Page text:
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Joe Locke's Love Affair with Language

Dan Bilawsky By

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On the surface it's not so easy to spot the common thread unifying the greater fabric of Joe Locke's work. Since arriving in New York City in 1981, and emerging as a notable leader on record in the early '90s, this much-vaunted vibraphonist has developed into a protean performer and composer. Duo sessions with pianists Frank Kimbrough and Kenny Barron, a collaboration with vocalist Kenny Washington, dates co-led with pianists David Hazeltine and Geoffrey Keezer, an album with Lincoln's Symphony Orchestra, straight-ahead sounds, left-of-center excursions, and long form works all figure into his discography, making it all the more difficult to spot said common thread. But it's right there, sewn into the music in subtle and not-so-subtle ways: the influence of language—poetry, literature, words, even a simple remark uttered in passing—on the very different medium of music.

For Locke, a metaphor can serve as muse, a turn of phrase can provide the DNA for new musical life, and a poem can be the key to unlocking the door to deeper meaning. And with the release of Love Is a Pendulum (Motéma Music, 2015)—perhaps the most personal and emotionally charged work that Locke has yet produced—that relationship between words and music is fully illuminated.

Love Is a Pendulum

Like a pendulum, the Barbara Sfraga poem that inspired this work slowly swung back and forth in Locke's mind, wearing a permanent groove into his psyche. And Locke has the author herself—a multifaceted writer-lyricist-vocalist who's worked with everybody from pianist Fred Hersch to vocalist Mark Murphy—to thank for it. "I've been friends with Barbara for a long time, and I bumped into her at the The Iridium," Locke recalls. "She gave me this little book called The Subway Series, poems of Barbara Sfraga. I said 'Thank you,' and I took it, and I had it by my nightstand. I started leafing through it one night, and this poem—'Love Is a Pendulum'—really got me."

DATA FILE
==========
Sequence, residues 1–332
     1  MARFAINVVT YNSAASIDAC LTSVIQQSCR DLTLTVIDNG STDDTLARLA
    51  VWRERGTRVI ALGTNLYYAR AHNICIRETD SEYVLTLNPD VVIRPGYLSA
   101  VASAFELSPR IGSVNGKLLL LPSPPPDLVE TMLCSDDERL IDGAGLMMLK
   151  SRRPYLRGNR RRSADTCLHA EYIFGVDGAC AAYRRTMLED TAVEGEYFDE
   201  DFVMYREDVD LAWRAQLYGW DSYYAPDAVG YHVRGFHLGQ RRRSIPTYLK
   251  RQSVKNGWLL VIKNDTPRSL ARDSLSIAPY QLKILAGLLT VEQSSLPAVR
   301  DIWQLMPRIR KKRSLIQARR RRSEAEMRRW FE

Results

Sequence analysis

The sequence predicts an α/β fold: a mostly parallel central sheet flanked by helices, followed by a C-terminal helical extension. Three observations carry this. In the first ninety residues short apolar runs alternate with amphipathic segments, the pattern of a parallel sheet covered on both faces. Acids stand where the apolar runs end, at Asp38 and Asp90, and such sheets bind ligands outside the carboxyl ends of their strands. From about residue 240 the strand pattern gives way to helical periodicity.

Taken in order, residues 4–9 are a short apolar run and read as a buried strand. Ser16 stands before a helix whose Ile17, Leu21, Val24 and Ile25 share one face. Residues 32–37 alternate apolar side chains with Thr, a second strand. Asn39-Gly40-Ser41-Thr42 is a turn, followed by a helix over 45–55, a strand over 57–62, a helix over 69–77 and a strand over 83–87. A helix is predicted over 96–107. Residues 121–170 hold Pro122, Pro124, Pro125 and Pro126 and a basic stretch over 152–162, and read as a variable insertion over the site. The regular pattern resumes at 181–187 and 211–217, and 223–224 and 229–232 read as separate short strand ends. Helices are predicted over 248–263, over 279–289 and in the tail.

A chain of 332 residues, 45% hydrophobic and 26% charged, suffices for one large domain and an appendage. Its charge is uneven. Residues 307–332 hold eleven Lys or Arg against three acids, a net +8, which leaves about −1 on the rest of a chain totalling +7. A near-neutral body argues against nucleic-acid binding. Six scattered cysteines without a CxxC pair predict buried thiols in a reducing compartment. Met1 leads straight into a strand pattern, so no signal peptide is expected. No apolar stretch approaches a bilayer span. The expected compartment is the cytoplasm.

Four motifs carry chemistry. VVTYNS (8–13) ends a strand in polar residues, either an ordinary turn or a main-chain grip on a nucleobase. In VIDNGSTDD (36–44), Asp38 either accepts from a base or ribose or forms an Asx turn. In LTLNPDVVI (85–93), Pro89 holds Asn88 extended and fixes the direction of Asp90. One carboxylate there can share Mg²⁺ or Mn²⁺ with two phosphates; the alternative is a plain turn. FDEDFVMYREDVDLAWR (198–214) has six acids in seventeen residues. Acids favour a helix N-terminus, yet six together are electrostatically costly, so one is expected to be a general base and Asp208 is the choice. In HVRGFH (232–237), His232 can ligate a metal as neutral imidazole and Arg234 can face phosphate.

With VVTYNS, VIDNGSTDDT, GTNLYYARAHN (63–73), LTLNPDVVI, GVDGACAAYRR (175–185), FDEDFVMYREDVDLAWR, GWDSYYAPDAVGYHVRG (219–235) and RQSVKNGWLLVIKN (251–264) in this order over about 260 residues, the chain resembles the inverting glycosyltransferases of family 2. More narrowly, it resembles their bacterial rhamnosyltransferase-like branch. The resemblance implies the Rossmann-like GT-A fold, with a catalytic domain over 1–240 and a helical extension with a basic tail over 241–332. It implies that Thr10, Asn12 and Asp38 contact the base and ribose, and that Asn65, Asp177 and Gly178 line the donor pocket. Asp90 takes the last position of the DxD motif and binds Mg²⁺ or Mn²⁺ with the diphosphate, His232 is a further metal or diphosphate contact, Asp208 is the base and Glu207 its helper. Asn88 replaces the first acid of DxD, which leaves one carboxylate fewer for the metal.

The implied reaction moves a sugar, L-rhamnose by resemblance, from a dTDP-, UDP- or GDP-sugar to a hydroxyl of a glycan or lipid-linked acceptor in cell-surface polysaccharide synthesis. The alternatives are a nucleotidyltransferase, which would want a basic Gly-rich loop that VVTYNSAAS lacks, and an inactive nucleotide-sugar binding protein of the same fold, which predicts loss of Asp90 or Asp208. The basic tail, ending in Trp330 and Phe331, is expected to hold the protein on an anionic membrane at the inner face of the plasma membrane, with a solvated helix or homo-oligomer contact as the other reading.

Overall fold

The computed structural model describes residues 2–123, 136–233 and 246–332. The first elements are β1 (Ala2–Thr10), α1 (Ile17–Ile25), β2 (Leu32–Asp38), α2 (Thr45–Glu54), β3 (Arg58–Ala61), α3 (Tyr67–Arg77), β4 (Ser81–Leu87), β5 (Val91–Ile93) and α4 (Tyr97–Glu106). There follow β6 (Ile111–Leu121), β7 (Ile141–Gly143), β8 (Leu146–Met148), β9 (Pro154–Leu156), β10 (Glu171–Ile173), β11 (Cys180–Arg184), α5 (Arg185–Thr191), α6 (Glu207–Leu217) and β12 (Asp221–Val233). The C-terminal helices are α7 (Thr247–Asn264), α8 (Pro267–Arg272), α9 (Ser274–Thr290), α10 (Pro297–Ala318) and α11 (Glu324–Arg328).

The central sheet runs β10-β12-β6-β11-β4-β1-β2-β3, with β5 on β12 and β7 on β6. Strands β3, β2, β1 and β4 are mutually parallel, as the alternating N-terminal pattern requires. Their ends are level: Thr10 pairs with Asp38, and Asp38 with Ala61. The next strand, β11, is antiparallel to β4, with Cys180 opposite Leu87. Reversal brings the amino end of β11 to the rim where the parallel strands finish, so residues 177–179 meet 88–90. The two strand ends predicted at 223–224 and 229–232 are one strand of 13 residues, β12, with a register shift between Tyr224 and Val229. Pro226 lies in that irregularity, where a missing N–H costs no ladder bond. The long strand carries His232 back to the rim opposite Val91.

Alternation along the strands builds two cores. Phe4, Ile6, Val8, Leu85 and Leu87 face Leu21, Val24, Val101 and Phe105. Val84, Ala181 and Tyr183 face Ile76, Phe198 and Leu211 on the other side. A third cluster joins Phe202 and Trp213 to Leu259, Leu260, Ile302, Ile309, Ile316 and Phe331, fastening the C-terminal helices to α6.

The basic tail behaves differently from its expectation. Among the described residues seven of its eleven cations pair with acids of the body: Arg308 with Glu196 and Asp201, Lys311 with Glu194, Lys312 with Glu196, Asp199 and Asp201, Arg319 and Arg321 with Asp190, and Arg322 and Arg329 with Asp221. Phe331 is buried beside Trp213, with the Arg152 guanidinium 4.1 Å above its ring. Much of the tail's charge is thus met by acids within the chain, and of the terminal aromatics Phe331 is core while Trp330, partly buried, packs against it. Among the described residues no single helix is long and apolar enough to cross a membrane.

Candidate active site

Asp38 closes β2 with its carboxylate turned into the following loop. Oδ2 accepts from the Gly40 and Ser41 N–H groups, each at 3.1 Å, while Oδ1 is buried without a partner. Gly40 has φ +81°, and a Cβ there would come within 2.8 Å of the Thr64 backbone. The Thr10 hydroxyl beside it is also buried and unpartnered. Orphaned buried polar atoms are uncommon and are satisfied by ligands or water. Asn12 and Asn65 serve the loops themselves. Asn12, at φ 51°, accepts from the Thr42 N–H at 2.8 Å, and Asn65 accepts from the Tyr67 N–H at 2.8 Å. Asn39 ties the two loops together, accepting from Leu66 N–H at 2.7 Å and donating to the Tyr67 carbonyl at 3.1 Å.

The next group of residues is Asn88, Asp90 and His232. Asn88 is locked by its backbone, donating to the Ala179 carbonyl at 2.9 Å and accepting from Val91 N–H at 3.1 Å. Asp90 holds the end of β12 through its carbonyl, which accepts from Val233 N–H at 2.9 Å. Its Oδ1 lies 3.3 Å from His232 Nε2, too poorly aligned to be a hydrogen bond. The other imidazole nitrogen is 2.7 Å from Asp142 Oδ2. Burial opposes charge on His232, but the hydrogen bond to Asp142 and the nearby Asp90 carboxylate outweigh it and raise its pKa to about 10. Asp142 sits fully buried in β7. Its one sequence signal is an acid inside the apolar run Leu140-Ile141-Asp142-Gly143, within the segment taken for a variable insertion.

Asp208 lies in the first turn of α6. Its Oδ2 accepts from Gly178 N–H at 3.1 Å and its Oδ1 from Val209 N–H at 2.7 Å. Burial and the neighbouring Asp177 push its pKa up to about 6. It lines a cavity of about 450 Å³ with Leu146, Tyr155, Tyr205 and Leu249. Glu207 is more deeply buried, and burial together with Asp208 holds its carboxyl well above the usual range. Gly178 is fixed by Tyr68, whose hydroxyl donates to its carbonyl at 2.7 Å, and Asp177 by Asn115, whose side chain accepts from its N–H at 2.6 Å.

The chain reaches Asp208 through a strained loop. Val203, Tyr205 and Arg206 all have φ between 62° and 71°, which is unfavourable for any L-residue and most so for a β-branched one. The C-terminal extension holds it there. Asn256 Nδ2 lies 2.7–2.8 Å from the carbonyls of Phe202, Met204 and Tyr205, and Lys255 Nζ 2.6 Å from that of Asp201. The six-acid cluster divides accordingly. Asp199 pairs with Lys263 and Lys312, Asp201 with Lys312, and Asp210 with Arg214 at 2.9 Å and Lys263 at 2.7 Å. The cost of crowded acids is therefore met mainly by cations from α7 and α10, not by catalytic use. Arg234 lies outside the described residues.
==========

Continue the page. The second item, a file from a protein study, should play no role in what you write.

It's a powerful poem that views love through five metaphorical lenses, each drawn at the outset of a new stanza and undergoing complete examination and dissection in the lines that follow. These metaphorical statements—"Love is a pendulum," "Love is the tide," "Love is perpetual motion," "Love is a planchette," and "Love is letting go"—would go on to serve as compasses for Locke during the album's lengthy development process. "It started gestating around 2010," Locke remembers. "I began with 'Love Is a Pendulum.' I wasn't trying to be programmatic, and I wasn't really thinking about the poem until I was partway into the A section of the composition. Then I said, 'Hmm, this is something I've never really played before—this harmonic sequence, these chords, these arpeggios.' I said, 'This is new to me,' and I just became aware then that her poem had been swimming around," he continues. "So I went back and read the poem and said, 'I want to make this into a suite.'"

The result—curious-sounding and gently probing in certain places, firm and aggressive in others—got the ball rolling, but it didn't define the project, as Locke rejected a one-size-fits-all approach in responding to each stanza. In the case of "Love Is the Tide," he was interested in taking a more programmatic, picturesque tack. "I was thinking about waves crashing and pouring and receding, and the power of that. In the poem, [Sfraga] says 'Love Is the Tide / A pumping, surging undertow that will take you down, pop you up / And drench you in its power.' And when I think about the emotional power around love, I think of the blues and the strength of the blues. So I wanted to have all of this undercurrent or activity—the undertow, if you will. But on top of it all, it's the blues." It comes through loud and clear in the steady, grooving flow that pianist Robert Rodriguez, bassist Ricky Rodriguez, and drummer Terreon Gully lay down beneath Locke and saxophonist Rosario Giuliani's relatively simple melody line.

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